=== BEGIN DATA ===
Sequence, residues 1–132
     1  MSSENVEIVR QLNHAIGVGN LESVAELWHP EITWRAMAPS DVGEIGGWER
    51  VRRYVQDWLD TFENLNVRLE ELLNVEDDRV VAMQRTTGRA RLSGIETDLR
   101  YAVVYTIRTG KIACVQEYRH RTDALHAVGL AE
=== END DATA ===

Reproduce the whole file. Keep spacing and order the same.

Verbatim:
Sequence, residues 1–132
     1  MSSENVEIVR QLNHAIGVGN LESVAELWHP EITWRAMAPS DVGEIGGWER
    51  VRRYVQDWLD TFENLNVRLE ELLNVEDDRV VAMQRTTGRA RLSGIETDLR
   101  YAVVYTIRTG KIACVQEYRH RTDALHAVGL AE